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eHealth News: June 2009

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GE plans to invest $6 billion on healthcare

GE Healthcare, the $17-billion healthcare arm of General Electric launched new, low cost products, aimed at developing markets such as India, as the company seeks to spend around $6 billion on its global strategy to grow its revenues from emerging markets. As part of its 'Healthymagination' initiative, GE will spend $3 billion over the next six years on research and development, provide $2 billion of financing over the next six years to drive healthcare information technology and health in rural and underserved areas, and invest $1 billion in partnerships, content and services. GE has also demonstrated a hand-held ultrasound machine and a bassinet with an overhead heater among products to be manufactured as part of the company's strategy to shift its focus to lower cost products in Washington.  

Philips announces the acquisition of Traxtal

Royal Philips Electronics announced that it has acquired Canada-based Traxtal Inc., an innovative medical technology company in the field of minimally-invasive instruments and software for image-guided intervention and therapy. Traxtal's navigation solution functions as a GPS for medical instruments, designed to make interventional radiology procedures more accurate while aiming to reduce contrast, radiation dose and interventional time. Coupled with Philips' strong position in medical imaging, this acquisition enables Philips to become one of the leading healthcare solutions providers for image guided procedures.

Traxtal complements Philips' offering in the area of minimally-invasive procedures. Traxtal's navigation solution displays, during the procedure, the instrument's position, orientation, and trajectory on medical images such as Ultrasound or CT. An example is the radiofrequency ablation of liver tumors during this procedure Traxtal's PercuNav system helps guide and monitor the positioning of the ablation needle towards the center of the lesion.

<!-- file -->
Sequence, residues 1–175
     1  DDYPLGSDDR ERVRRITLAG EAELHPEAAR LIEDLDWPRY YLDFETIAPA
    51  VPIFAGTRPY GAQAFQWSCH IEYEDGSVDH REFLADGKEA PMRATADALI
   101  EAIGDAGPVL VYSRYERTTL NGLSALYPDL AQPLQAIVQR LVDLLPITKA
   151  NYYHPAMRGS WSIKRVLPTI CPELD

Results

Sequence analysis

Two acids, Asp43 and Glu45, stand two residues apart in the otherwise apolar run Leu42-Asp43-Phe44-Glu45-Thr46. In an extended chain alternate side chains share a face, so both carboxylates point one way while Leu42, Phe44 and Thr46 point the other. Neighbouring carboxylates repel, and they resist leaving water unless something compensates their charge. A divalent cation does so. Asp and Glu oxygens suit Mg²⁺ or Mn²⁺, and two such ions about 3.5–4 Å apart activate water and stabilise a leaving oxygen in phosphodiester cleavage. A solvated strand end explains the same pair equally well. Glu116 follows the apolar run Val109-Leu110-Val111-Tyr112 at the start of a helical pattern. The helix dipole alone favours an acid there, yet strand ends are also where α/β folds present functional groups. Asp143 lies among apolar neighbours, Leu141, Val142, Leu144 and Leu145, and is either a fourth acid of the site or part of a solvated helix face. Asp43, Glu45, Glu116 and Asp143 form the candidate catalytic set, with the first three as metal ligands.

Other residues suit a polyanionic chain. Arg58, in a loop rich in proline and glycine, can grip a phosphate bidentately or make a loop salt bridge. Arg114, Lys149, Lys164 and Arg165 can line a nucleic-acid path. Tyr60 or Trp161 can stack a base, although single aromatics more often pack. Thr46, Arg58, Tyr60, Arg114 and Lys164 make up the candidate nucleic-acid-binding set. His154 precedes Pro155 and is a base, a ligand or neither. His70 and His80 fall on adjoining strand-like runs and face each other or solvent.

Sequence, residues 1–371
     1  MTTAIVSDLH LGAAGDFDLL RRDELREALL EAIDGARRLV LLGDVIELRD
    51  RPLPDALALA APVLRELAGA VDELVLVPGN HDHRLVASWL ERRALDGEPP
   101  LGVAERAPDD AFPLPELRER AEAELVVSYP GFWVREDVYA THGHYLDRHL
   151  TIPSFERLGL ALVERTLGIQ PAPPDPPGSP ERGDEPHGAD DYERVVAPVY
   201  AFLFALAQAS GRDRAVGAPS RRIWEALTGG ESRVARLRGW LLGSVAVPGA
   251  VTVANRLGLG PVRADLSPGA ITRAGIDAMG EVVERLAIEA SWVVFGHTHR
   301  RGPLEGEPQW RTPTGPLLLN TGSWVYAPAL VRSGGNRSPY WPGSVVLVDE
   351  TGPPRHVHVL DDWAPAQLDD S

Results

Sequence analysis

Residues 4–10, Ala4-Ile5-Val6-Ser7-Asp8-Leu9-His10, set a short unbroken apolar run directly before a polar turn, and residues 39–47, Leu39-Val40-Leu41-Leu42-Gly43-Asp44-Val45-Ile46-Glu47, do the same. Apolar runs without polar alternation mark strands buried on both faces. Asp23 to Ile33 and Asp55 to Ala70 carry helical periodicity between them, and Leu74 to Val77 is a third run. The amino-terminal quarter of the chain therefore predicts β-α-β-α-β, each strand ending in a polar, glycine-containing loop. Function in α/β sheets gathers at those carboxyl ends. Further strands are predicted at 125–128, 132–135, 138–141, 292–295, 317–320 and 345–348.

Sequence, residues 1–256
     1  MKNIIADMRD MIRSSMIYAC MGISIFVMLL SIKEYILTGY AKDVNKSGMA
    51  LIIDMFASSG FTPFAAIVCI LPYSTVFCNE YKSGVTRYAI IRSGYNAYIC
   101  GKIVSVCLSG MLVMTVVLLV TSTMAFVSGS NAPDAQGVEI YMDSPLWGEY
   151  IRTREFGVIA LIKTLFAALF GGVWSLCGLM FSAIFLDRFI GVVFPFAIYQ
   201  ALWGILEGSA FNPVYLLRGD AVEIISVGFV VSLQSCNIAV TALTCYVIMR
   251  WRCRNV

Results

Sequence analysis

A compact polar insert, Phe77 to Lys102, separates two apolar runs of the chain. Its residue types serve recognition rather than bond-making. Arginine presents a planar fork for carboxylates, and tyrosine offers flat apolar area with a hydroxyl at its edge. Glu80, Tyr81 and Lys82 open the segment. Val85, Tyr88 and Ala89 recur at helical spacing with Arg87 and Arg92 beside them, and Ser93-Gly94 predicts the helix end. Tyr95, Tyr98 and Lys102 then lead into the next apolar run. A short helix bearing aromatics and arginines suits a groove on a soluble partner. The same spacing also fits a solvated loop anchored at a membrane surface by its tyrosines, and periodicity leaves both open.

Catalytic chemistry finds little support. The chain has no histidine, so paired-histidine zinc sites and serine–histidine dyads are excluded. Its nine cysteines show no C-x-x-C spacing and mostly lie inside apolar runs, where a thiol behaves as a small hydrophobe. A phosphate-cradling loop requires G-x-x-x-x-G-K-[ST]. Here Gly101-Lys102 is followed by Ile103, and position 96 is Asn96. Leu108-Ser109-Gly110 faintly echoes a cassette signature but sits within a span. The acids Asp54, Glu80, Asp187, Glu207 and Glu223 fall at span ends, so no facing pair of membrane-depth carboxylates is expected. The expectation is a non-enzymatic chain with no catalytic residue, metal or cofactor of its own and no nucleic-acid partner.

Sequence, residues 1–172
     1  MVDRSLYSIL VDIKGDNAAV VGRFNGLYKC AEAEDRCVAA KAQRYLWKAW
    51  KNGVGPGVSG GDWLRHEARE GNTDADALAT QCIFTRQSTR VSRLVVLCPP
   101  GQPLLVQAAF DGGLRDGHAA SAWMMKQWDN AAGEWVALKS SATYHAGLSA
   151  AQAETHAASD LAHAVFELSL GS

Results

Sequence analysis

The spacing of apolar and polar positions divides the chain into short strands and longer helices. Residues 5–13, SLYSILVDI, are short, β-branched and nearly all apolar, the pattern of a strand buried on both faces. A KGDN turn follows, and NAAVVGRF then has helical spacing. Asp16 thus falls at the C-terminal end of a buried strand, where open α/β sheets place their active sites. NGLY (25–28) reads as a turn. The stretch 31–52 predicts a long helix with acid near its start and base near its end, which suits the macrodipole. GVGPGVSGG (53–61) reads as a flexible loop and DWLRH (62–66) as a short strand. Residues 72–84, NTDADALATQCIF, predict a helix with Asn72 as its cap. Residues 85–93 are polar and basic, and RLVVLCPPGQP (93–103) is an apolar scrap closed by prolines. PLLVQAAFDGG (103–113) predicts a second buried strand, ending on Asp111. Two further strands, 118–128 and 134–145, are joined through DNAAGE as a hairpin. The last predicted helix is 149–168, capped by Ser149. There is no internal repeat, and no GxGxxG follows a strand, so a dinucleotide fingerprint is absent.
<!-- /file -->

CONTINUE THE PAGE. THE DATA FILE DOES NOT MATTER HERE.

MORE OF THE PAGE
Ranbaxy looks to rebuild its US business

After facing massive losses coupled with regulatory hurdles in the American market, Ranbaxy Laboratories Ltd has chalked out plans to revamp its US business. For the year, 2009, Ranbaxy has a clear strategy to harness its growth potential in the emerging markets, rebuild the US business through a series of actions on products and facilities. For the quarter ended March 31, 2009, Ranbaxy reported a loss of 153 million dollars, while it posted a 14 per cent decline in its US business at 68 million dollars. The company is taking various actions for minimising its losses. It is also working to increase the capacity of its US-based subsidiary Ohm Laboratories.

In September last year, US health regulator Food and Drug Administration had banned the import of 30 generic medicines manufactured at Ranbaxy's two plants — Paonta Sahib and Dewas – in India. Ranbaxy had indicated that it is looking for acquiring FDA approved manufacturing facilities to shift its products from Paonta Sahib and Dewas.

Merge Healthcare partners with China's health IT provider

Merge Healthcare, medical imaging solutions provider has partnered with Shanghai Kingstar Winning Co., a healthcare IT leader in China. The Merge Healthcare China office will make available clinical imaging solutions and professional services to Kingstar Winning for use by more than 800 hospitals in its install base, as well as future Kingstar Winning customers. The strategic partnership between Merge Healthcare and Kingstar Winning comes at an excellent time for healthcare in China. The Chinese government has announced a new healthcare reform plan, similar to the American Recovery and Reinvestment Act of 200

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